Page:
Procedure: Cut a pleasing shape out of the paper. A heart is nice, but you might also consider the silhouette of a uterus wracked with painful cramps. Place shape flat inside salad spinner. Dribble blood onto the paper. Replace lid of salad spinner. Send shape and blood for a short whirl. Remove shape and let dry. Sanitize salad spinner with copious amounts of bleach. Place heart under windshield wiper of doctor's car.

  • Untitled installation piece

    audi.jpgSupplies: Blood, bucket, expensive automobile, cover of darkness.

    Procedure: Stealthily approach your reproductive endocrinologist's parking space. When coast is clear, decorate vehicle with attractive lashings of red and brown. (Some artists strive for a Pollock vibe, but I work more in the mode of Rauschenberg.) Watch carefully for approaching authorities. Scamper away as fast as your Pamprin-doped carcass will carry you.

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12/20/2003

It's a theory

I have a theory about why I'm infertile: I think my uterus may be situated on an ancient Indian burial ground.

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01/04/2004

Um, what birds and bees?

My friend T. just called to tell me her six-year-old daughter had asked her, "But, Mom, how does the sperm get to the egg?"

I told her she was lucky her daughter hadn't asked me.

"Well, Emily, the thing is, it doesn't."

Or maybe...

"The daddy sits alone in a grubby little room and frantically performs the secret handshake, while the mommy lies on a gurney drugged to the gills. Then a mysterious masked man introduces a needle the size of a shish kebab skewer into her bathing suit area. What? Wait, where are you going? Hey, why are you crying?"

Or, more succinctly...

"When a reproductive endocrinologist and my Visa card love each other very, very much..."

Any of you with children are welcome to give old Aunt Julie a call when it's time to have that awkward conversation. Or I suppose you could just buy a record, if you think it'd be safer.

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01/08/2004

how_i_feel_about_my_re.xls

love-chartI want to be fair.

My feelings about my reproductive endocrinologist are occasionally quite negative.  But I swear it isn't personal. 

In fact, on a personal level, I'm crazy about him. He's a lovely man who's shown me great kindness on many occasions, the sort of kindness I needed when everything went haywire: laughing dutifully at my feeble attempts at humor when most people would have been horrified.  He has never shied away from the questions, complaints, and occasional abuse with which I've ambushed him.  Although some of the decisions that have been made about my treatment have turned out very badly, I can't doubt the purity of his motives or the goodness of his intentions.

Based on a careful study of my journal entries (and recollection of a very few bizarre and smoking-hot dreams), I've concluded that the spikes of annoyance I've experienced over the last few months are really nothing personal.  I've found that the intensity of my feelings correlates directly with the success of a given phase of treatment.

Thanks to the magic of Microsoft, I have prepared a chart that proves this, including several important milestones over the last two years.  I feel it's quite persuasive.

01:37 PM in I am full of good ideas, The doctor is IN | Permalink | Comments (15)

01/16/2004

Yes! Please send me 12 jam-packed issues!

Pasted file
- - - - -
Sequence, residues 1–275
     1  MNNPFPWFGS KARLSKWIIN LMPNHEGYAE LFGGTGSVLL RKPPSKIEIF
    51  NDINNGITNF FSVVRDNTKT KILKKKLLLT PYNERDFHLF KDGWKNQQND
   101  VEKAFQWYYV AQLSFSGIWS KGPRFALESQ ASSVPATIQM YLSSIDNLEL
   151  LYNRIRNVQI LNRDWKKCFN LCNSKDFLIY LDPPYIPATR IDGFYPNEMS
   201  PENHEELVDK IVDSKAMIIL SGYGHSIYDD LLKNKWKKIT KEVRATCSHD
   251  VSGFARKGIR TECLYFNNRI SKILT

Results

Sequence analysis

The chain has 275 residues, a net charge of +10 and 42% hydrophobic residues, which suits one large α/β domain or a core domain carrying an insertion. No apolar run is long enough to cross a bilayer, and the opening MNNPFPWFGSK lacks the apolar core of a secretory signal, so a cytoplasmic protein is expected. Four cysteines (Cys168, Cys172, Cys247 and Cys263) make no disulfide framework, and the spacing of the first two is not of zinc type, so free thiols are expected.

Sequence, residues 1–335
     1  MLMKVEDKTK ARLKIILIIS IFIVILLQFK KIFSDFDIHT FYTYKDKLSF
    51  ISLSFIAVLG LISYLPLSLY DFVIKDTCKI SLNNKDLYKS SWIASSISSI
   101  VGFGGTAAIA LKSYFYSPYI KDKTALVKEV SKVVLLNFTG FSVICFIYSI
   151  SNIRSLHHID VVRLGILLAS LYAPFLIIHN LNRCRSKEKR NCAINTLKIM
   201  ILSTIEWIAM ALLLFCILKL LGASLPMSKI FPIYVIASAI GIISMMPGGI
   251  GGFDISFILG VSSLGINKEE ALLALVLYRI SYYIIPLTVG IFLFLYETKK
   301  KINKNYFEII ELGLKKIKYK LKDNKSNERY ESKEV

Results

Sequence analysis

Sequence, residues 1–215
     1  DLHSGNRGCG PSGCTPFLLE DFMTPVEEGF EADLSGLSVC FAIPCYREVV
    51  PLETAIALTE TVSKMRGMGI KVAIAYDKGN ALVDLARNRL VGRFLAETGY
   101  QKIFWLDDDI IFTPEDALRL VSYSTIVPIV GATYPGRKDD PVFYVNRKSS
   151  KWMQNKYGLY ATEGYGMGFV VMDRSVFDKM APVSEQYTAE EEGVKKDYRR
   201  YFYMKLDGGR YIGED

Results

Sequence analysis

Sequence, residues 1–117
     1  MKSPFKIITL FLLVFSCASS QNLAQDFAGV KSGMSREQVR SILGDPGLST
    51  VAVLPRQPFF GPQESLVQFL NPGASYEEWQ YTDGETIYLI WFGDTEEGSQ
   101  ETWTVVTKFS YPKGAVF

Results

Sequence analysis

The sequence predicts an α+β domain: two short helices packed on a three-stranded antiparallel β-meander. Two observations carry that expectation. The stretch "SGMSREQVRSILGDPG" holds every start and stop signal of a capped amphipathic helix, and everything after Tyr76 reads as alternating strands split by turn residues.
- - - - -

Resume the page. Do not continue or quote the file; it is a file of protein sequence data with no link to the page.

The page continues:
bitter-thumb.jpgThere are many reasons that sitting in the waiting room at an infertility clinic might be a bit depressing. My clinic shares a waiting room with an OB/GYN practice, so there is a constant parade of pregnant women, each more blooming and happy-looking than the last. There is also consequently a related parade of tiny, tiny babies swaddled in Polarfleece, in the arms of proud-looking new mothers appearing for their six week postpartum checkup.

But that's not all. There's bad art on the walls. Now, I know you think you know what I mean when I say bad art. But you don't. You can't. Imagine, if you will, a palsied, slavering, lobotomized Doberman with a paintbrush stuck up his ass. Got it? Okay. That dog looks like Caravaggio compared to the reprobate responsible for these crimes against art. The subjects run heavily to animals among vegetation. One is some sort of great spotted cat, or maybe a hyena, amid a thicket of what looks like nothing so much as dark green pubic hair. Another captures a deer, or perhaps a flounder, peering over its shoulder apprehensively — almost a reproachful look back at its creator. "Why have you made me? I didn't ask to be born."

And of course there's the miasma of desperation that collects in the corners where the infertile patients huddle (well out of the pathway of the triumphant new mothers). If you were to draw a cartoon, you'd put in some thick, wavy hashmarks — stink lines — to depict the palpable sadness.

Those things are depressing enough, God knows, but today I discovered yet another reason to hate and fear this waiting room: the magazines.

Here is a list of the periodicals that were available for my perusal this morning as I waited:

  • Parents
  • Pregnancy Today
  • ePregnancy
  • Parenting
  • American Baby
  • Child
  • Car & Driver
  • Business Week
Number of times I have ever seen a woman paging through those last two: 0
Number of times I have ever seen a man paging through any of the first six: 0

Now sometimes I take in issues of The Economist or New Scientist and leave them prominently on the table as a low-key form of protest (having first carefully excised the address label). Today I didn't, and found myself without anything to read.

So instead I sat and wondered if there are any magazines out there for the infertile crowd.

You know. "Quick makeup tips to hide those nasty belly bruises." "Creepy global fertility rituals: What the Hell, give 'em a whirl." "10 good reasons to try very hard not to punch your sister-in-law's lights out."

I kind of doubt it.

But there should be. In fact, I'm considering launching one myself. Look for the inaugural issue in your mailbox in a couple of months.